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USC Football: Debut of a New Defense Shows Trojans' Need for Improvement, and Potential

USC Football: Debut of a New Defense Shows Trojans' Need for Improvement, and Potential

USC Football: Debut of a New Defense Shows Trojans' Need for Improvement, and Potential

Some breathtaking moments defined USC's season-opening rally to defeat Arizona State: Bru McCoy playing Johnny-on-the-spot first to catch a deflected touchdown, then recovering Parker Lewis' onside kick; Kedon Slovis firing a laser through a tight window on fourth down, finding a streaking Drake London for what proved to be the game-winning touchdown.

But contributions of a less jaw-dropping variety proved equally significant — and could prove more crucial to paving the Trojans' road to a Pac-12 championship in this pandemic-shortened season.

Much of the conversation around USC's outlook heading into 2020 focused on the second year of Graham Harrell's air-raid offense, the return of Slovis, their surprising breakout star quarterback, and a stacked receiving corps that might be the nation's best. Rebounding from a disappointing, 8-5 finish in 2019 to pursue a conference title, however, hinges on the development of first-year coordinator Todd Orlando's defense.

While the revamped offense put up some impressive numbers, and Slovis set a bevy of program and conference records, the final month of the 2019 campaign underscored the need for a defense that complements such a prolific, quick-strike approach. The Trojans allowed a staggering 36.6 points per game over their final five, including 49 points in their Holiday Bowl loss to Iowa.

Critical moments through three quarters against Arizona State had a feel of new year, same problems: DeaMonte Trayanum scored the Sun Devils' first touchdown on a 25-yard run, going untouched as USC defenders struggled to get off their blocks. Rachaad White, who wreaked havoc in space much of the afternoon, turned a routine screen pass into a 55-yard touchdown, blazing to pay dirt with seven Trojans in futile pursuit after the shifty freshman shrugged off some attempted arm tackles.

And then there was Jayden Daniels. Other than Slovis, no Pac-12 quarterback commanded as much attention in the offseason as Arizona State's sensational sophomore. He validated the praise with 111 rushing yards and an average of a first down per carry (10.1).

One time when he took off and didn't gain a first down, however, stands out as just as vital to USC's win as the touchdowns or onside kick.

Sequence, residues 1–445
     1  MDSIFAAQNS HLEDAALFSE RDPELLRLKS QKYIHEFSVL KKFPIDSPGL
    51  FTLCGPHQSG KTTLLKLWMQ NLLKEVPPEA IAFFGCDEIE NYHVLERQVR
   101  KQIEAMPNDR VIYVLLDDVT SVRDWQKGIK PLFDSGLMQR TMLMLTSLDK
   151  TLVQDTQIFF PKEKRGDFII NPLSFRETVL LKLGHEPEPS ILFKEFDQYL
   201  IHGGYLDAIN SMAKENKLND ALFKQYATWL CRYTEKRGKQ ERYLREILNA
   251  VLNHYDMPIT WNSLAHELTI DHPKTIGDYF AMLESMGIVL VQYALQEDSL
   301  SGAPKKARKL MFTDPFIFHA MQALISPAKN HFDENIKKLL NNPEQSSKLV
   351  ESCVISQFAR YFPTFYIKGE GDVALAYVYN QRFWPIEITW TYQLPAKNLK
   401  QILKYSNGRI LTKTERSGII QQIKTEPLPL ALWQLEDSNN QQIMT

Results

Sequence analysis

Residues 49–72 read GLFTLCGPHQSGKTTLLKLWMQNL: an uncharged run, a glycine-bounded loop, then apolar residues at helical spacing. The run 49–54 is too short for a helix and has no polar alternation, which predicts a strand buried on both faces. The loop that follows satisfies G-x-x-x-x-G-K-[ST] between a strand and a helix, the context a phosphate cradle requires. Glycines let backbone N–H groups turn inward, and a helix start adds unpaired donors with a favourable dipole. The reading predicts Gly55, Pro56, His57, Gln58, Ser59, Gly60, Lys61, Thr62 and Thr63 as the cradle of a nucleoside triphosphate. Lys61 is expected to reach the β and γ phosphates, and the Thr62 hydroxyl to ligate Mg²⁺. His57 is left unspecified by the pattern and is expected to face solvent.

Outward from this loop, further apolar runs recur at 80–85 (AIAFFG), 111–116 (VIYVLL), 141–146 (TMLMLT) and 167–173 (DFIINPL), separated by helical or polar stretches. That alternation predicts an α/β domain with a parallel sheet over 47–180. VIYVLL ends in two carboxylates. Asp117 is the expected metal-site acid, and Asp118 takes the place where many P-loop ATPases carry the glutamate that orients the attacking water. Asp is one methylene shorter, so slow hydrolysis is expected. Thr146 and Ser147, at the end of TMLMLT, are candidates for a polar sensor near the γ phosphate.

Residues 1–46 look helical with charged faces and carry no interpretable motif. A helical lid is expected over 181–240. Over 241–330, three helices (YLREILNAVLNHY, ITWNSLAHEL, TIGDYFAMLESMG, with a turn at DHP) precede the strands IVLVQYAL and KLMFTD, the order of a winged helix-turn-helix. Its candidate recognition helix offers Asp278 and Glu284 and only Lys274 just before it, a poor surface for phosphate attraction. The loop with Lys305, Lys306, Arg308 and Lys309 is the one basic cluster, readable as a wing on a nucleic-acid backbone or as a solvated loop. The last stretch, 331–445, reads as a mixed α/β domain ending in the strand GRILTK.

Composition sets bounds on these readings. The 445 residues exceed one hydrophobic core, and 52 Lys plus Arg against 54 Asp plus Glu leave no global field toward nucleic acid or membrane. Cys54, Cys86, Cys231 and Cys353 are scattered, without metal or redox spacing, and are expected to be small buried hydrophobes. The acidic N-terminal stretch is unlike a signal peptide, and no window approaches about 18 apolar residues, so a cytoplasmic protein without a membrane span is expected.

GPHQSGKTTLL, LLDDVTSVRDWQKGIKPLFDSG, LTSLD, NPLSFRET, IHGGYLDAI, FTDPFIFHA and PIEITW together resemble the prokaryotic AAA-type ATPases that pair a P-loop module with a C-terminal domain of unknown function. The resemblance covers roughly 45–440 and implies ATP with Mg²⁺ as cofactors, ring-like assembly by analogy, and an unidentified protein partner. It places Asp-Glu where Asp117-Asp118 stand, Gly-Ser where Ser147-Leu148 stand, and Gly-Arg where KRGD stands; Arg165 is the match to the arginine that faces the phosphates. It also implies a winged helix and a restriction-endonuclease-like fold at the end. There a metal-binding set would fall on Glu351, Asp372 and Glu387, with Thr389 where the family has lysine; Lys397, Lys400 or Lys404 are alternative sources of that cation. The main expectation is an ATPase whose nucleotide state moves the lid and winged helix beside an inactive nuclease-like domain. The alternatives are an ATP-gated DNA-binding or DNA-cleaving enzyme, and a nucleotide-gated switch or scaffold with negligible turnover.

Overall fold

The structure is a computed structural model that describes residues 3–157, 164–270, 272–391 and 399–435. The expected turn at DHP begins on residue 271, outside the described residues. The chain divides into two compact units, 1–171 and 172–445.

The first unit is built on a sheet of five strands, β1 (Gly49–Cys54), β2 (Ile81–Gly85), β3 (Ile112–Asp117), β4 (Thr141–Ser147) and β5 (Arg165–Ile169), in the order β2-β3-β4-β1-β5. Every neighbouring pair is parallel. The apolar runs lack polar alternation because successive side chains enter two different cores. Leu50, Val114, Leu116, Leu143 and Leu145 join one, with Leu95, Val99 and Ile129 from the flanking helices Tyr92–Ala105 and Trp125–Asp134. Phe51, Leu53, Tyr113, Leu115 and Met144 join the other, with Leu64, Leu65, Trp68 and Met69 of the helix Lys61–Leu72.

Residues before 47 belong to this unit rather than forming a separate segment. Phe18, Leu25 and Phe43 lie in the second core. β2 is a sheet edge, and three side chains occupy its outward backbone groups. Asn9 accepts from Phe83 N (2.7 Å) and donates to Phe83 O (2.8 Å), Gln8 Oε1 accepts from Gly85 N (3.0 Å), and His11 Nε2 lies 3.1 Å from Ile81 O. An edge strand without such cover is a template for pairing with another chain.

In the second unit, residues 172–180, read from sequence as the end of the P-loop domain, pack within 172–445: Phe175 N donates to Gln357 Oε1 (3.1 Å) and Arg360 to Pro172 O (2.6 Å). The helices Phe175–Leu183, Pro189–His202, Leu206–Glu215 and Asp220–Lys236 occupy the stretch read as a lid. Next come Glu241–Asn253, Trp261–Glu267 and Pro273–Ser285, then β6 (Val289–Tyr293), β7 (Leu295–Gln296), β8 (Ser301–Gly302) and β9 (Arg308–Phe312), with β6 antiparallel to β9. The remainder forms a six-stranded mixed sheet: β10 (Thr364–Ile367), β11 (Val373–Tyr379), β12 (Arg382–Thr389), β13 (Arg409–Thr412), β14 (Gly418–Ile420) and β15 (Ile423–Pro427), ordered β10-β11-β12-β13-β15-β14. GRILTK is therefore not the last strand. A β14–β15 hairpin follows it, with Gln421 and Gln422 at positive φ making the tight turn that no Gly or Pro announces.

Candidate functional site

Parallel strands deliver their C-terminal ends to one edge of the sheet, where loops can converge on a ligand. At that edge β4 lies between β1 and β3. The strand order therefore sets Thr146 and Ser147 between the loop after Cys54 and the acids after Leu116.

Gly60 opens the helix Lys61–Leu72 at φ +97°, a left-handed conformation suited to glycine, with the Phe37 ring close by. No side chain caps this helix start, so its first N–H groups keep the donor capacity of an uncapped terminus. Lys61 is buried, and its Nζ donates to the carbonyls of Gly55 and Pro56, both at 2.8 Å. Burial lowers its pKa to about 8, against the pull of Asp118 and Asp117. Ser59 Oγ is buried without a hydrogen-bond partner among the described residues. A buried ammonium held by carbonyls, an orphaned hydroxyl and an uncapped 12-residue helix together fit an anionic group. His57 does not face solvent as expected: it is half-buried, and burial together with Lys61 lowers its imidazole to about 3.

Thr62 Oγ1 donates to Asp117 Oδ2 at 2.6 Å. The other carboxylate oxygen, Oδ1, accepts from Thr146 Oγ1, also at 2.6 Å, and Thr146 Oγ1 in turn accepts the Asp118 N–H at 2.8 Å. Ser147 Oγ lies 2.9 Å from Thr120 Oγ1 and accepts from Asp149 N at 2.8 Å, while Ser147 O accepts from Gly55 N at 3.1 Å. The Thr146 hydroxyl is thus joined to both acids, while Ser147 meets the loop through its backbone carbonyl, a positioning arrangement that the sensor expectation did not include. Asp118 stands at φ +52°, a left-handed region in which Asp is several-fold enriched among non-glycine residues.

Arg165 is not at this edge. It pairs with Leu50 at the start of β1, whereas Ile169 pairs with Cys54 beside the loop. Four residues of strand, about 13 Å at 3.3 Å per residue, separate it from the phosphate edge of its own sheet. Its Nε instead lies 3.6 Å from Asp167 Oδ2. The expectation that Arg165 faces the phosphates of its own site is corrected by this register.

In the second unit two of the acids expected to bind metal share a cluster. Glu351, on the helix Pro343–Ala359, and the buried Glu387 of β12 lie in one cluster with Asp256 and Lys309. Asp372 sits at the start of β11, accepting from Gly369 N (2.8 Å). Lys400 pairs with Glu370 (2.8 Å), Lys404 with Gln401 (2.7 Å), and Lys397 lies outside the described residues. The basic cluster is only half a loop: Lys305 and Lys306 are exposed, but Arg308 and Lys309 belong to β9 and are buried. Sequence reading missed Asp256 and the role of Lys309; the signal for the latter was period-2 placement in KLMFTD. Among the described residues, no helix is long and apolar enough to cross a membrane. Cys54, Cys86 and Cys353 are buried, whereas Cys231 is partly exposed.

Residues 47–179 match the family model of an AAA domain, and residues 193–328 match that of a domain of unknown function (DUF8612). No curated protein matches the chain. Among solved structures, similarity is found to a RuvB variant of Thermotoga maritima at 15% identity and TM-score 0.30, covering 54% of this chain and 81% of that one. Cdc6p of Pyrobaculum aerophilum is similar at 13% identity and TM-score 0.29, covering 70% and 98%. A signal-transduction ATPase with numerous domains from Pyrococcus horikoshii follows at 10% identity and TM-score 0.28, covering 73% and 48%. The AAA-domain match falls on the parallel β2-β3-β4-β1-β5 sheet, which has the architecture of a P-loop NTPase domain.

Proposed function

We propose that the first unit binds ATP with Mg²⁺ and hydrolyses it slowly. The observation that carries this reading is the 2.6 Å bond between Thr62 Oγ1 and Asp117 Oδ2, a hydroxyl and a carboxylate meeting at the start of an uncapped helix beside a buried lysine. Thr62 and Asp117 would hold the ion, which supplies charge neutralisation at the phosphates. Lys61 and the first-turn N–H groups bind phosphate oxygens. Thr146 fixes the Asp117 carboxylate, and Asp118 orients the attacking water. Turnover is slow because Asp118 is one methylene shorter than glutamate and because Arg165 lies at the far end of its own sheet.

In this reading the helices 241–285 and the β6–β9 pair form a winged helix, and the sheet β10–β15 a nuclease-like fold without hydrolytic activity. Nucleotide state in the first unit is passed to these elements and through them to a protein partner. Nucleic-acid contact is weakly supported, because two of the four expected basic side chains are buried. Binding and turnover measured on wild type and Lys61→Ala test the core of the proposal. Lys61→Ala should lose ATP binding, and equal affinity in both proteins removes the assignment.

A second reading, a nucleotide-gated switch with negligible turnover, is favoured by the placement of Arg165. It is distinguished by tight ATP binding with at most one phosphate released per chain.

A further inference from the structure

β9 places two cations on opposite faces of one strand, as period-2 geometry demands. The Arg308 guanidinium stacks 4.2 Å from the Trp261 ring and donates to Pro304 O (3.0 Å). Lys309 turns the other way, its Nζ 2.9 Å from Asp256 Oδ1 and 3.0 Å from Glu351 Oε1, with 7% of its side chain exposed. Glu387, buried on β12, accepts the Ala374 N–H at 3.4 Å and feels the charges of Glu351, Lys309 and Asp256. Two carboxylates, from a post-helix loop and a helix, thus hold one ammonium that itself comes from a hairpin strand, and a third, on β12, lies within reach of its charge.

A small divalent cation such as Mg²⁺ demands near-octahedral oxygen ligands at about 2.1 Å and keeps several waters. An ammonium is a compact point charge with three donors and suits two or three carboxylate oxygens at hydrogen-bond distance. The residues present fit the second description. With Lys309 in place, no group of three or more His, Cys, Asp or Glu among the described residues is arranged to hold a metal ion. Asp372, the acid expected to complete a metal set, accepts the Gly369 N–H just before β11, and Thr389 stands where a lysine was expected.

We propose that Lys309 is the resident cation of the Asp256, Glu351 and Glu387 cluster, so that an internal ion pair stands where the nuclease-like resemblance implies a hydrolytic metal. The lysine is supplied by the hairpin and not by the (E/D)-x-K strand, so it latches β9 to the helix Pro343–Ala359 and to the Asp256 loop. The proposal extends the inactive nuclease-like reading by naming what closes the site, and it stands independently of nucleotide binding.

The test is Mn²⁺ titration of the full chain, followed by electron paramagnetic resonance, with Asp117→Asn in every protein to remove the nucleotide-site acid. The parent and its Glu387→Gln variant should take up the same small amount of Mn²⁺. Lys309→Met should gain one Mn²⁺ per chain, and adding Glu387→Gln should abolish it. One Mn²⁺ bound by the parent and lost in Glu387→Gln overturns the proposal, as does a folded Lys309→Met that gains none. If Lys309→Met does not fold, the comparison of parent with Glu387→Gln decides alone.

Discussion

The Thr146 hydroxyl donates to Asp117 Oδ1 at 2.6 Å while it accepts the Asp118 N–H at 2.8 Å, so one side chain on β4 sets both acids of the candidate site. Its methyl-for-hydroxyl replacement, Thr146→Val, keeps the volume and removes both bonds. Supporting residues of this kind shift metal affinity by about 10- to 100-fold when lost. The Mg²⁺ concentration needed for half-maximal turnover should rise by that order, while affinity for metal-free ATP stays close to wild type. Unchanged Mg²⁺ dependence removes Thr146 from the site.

With about 4:30 remaining and the Trojans desperate to regain possession down two touchdowns, Daniels ran toward what looked to be a gap up the middle. He needed nine yards for a back-breaking first down, but as fast as the hole appeared, Marlon Tuipulotu closed it.

The move itself Tuipulotu made was unremarkable, as he simply side-stepped and burned past La'Darius Henderson. But it was central to getting back the ball for the first of the two late-game scores, and a noteworthy improvement made in the course of just one game under Orlando.

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"Our defense did a good job of not giving in," Tuipulotu said on Wednesday. "Credit to all our guys, keeping the energy up on the sidelines and our coaches were also giving us energy."

While improved energy late in a game might seem like a relatively small point, consider how the USC defense faltered as games progressed in that final month a season ago. Pac-12 champion Oregon extended a manageable, 11-point deficit (which had been just four points before a Trojans special teams misfire) into nearly 40 points over the third and fourth quarters.

A similar scene played in the Holiday Bowl, where Iowa turned a four-point game into a blowout in the late third and early fourth quarters. Even in victory, like the regular-season finale against UCLA, the Bruins made a late-game surge that transformed a surefire rout into a 10-point contest.

The first game of this new era following the opposite trajectory is a positive reversal; so, too, is the nature of Tuipulotu's stop.

After the Holiday Bowl, Iowa players remarked that film study revealed a repeated weakness of the USC defense adjusting to misdirection run plays. The Hawkeyes exploited the weakness repeatedly, and the Trojans had no answer.

Arizona State's new offensive coordinator, Zak Hill, similarly went to what had worked in one of the game's most pivotal spots. Daniels was killing USC much of the first half and into the third quarter with designed quarterback draws, but the Trojans' adjustments showed up.

It's a microcosm of the course USC must continue to follow in Orlando's first year, if the Trojans are to win the sprint to the Pac-12 title. And if the defensive coordinator's assessment is accurate, the learning curve shouldn't be too steep.

"All correctable stuff... when you're giving up plays because you miss alignments or simple technical stuff," Orlando said of the big plays surrendered last week. "In the linebacker meeting room, it was like, 'I'll get this right, I can promise you.' There was no palms up or pointing fingers, and that's really, really good sign for 'I care and I'll get it corrected.'"

"We just have to do a better job of stopping the run. Like [Orlando] said, just little things like getting out of our gap," Tuipulotu said. "We'll get it fixed by Saturday [Nov. 14 game at Arizona]."

— Written by Kyle Kensing, who is part of the Athlon Contributor Network and a sportswriter in Southern California. Follow him on Twitter @kensing45.

(Top photo by John McGillen, courtesy of